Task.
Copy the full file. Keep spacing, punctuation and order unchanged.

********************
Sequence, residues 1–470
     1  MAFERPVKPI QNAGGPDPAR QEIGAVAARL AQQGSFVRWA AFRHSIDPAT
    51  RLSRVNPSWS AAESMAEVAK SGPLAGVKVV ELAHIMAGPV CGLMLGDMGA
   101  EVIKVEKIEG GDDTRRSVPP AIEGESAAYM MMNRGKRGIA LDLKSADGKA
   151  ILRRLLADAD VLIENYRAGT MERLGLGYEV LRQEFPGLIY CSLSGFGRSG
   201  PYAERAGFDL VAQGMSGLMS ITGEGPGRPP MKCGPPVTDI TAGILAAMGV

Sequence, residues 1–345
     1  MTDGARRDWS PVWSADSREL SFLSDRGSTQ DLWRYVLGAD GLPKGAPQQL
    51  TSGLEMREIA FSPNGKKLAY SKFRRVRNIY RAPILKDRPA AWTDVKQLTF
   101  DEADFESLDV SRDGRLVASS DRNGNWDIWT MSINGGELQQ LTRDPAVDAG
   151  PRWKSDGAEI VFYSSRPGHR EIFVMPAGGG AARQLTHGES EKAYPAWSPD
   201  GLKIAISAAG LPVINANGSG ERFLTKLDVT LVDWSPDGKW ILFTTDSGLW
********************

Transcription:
Sequence, residues 1–470
     1  MAFERPVKPI QNAGGPDPAR QEIGAVAARL AQQGSFVRWA AFRHSIDPAT
    51  RLSRVNPSWS AAESMAEVAK SGPLAGVKVV ELAHIMAGPV CGLMLGDMGA
   101  EVIKVEKIEG GDDTRRSVPP AIEGESAAYM MMNRGKRGIA LDLKSADGKA
   151  ILRRLLADAD VLIENYRAGT MERLGLGYEV LRQEFPGLIY CSLSGFGRSG
   201  PYAERAGFDL VAQGMSGLMS ITGEGPGRPP MKCGPPVTDI TAGILAAMGV

Sequence, residues 1–345
     1  MTDGARRDWS PVWSADSREL SFLSDRGSTQ DLWRYVLGAD GLPKGAPQQL
    51  TSGLEMREIA FSPNGKKLAY SKFRRVRNIY RAPILKDRPA AWTDVKQLTF
   101  DEADFESLDV SRDGRLVASS DRNGNWDIWT MSINGGELQQ LTRDPAVDAG
   151  PRWKSDGAEI VFYSSRPGHR EIFVMPAGGG AARQLTHGES EKAYPAWSPD
   201  GLKIAISAAG LPVINANGSG ERFLTKLDVT LVDWSPDGKW ILFTTDSGLW